Norway has many road traffic laws and regulations. The police will decide which of them applies in each individual situation.

The police can order you to pay a penalty charge you if you park in the wrong place, do not use your seatbelt, drive with studded tyres on your vehicle when doing so is not permitted, or drive a motorcycle without a helmet.

Go to to find the current penalty charge rates:

You may be given a fine for some road traffic violations.

Instead of prosecuting you (taking you to court), the police may issue you with an on-the-spot, fixed penalty notice if they stop you and find you have violated one or more of the traffic regulations.

Go to to find the current fixed penalty notice rates.

If you are unable to pay the whole amount straight away, contact the Norwegian National Collection Agency (SI) to arrange payment by instalment

Due to criminal conviction

You may lose your right to drive a motor vehicle for which a driving licence is required. We call this being disqualified from driving. You may be disqualified from driving if you are convicted of a criminal offence. The length of time you are disqualified will generally be determined when the court sentences you for that offence or in a penalty notice you will be sent by the police. You may be disqualified from driving permanently or for a specific period of time.

For reasons of health or ability

Changes in your health or abilities may make it unsafe for you to continue driving. The police can require you to undergo a medical examination. The police can also require you to retake all or part of your driving test. You may lose your right to drive if the medical examination shows that you no longer meet the health requirements. You will also be barred from driving if you fail the driving test.

In such cases, the police do not need your consent or a court order to revoke your driving licence. You are disqualified from driving indefinitely. You will regain your right to drive only when you meet the relevant requirements once again.

You must be of good character to be given a driving licence.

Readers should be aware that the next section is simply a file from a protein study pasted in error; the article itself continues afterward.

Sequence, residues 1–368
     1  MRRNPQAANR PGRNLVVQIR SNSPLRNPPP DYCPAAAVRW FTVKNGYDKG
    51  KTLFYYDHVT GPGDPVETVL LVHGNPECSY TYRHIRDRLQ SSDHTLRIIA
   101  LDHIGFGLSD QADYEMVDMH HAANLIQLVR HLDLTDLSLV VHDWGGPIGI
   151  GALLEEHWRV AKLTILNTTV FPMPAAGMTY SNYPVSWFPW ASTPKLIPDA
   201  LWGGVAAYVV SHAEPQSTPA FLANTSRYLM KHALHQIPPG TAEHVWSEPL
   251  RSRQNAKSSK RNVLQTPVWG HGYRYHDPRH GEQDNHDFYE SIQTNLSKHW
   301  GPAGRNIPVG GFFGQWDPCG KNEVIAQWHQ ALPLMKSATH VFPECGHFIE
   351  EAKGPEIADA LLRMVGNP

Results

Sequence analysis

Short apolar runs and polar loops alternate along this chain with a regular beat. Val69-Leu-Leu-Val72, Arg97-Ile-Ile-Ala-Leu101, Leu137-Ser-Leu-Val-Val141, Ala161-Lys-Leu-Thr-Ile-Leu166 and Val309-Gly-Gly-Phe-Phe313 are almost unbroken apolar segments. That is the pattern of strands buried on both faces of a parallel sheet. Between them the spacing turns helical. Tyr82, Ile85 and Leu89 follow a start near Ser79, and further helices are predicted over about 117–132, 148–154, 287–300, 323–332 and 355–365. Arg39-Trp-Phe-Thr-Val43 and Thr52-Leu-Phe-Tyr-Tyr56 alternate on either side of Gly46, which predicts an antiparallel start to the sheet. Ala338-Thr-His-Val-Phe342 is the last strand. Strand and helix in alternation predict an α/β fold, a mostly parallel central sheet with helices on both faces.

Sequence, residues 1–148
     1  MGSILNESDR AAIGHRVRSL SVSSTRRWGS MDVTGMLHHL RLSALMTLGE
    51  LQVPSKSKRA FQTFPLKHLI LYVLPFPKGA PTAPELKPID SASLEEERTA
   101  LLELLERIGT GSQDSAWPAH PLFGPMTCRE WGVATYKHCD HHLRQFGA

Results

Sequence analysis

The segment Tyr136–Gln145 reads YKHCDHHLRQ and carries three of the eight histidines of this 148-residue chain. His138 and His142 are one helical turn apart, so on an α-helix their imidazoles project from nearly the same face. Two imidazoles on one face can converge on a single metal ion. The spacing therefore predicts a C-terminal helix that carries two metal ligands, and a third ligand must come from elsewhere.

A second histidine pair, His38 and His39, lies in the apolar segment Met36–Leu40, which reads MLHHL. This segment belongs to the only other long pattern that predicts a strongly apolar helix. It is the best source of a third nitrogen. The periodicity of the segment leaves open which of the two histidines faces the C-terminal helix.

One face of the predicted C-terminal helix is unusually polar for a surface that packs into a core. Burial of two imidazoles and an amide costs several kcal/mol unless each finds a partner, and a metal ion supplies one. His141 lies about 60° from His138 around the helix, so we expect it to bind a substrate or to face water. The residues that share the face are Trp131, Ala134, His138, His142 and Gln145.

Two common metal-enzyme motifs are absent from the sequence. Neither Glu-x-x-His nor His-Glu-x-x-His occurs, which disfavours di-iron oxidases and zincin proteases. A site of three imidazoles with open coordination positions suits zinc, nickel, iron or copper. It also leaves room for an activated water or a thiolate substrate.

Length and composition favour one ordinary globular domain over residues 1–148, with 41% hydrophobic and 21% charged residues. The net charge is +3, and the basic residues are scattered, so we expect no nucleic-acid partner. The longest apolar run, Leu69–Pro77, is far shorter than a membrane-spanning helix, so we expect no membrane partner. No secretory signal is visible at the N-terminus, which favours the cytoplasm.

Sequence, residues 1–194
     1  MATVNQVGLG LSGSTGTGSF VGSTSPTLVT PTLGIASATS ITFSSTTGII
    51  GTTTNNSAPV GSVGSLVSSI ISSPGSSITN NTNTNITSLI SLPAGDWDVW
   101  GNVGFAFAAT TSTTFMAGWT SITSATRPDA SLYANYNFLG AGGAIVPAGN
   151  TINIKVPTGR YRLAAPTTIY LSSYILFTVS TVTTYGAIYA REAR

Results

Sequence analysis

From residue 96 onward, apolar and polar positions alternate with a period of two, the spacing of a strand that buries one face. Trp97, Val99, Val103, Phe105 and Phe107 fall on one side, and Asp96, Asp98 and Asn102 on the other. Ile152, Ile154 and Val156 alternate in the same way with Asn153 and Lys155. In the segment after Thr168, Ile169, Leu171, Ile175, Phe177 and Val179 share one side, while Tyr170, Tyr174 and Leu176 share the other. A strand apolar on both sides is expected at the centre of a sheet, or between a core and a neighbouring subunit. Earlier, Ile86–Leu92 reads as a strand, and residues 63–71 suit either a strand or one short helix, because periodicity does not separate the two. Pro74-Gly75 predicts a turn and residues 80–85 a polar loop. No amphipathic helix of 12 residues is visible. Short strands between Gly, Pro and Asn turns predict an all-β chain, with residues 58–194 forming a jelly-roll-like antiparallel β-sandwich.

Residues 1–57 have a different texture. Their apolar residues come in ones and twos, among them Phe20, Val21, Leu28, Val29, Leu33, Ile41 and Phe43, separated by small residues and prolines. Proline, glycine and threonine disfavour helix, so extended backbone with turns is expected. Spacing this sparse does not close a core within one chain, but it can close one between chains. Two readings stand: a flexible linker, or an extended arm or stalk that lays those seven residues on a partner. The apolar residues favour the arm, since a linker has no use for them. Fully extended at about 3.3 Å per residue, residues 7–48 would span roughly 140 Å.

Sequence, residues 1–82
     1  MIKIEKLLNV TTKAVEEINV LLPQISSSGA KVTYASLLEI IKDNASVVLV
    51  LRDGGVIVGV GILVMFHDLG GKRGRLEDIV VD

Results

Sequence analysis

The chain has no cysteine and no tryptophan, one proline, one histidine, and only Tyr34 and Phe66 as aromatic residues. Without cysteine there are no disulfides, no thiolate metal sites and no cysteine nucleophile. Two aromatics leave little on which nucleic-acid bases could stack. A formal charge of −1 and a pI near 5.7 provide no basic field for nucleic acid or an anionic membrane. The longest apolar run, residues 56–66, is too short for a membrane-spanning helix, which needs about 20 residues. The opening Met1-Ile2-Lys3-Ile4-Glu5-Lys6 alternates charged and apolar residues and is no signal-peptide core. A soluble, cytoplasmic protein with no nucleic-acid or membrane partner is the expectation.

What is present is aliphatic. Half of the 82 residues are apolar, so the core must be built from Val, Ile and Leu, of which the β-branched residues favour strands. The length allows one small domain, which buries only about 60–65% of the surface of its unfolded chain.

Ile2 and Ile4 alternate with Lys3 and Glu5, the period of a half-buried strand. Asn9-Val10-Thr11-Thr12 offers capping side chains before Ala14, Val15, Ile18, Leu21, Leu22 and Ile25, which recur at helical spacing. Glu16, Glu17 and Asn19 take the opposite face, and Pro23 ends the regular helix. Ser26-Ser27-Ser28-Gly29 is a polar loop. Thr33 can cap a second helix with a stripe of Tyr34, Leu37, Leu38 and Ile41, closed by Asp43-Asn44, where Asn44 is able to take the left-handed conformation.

If you have a criminal record, your application for a driving licence may be refused.

In connection with some criminal offences, you may be disqualified from driving permanently or for a specific period of time. This is called a disqualification period.

You are not allowed to drive a motor vehicle for which a driving licence is required, even with L-plates and under the supervision of a qualified driver, during the period in which you are disqualified, without the consent of the police.

If the police suspect that you have committed a criminal offence that could result in the loss of your driving licence if you are convicted, a police officer may revoke your right to drive a vehicle and take away your licence on the spot.

If you have temporarily lost your right to drive, you are not entitled to drive a vehicle for which a driving licence is required. The police must ask if you consent to the confiscation of your licence. If you do not consent, the case must be put before the district court for a decision within three weeks.

You must hand your driving licence in to the police when you have been disqualified from driving.

If you disagree with the police's decision, contact the police district in which the situation arose, and submit a written appeal.

You can also ask to speak with the prosecuting attorney who is dealing with your case.

Serious traffic offences require a more severe response.

The police always prosecute those who are found to be driving under the influence of alcohol or drugs, or who cause traffic violations that lead to serious personal injury or death.

The punishment for serious traffic violations includes fines, terms of imprisonment, liability to pay compensation and disqualification from driving.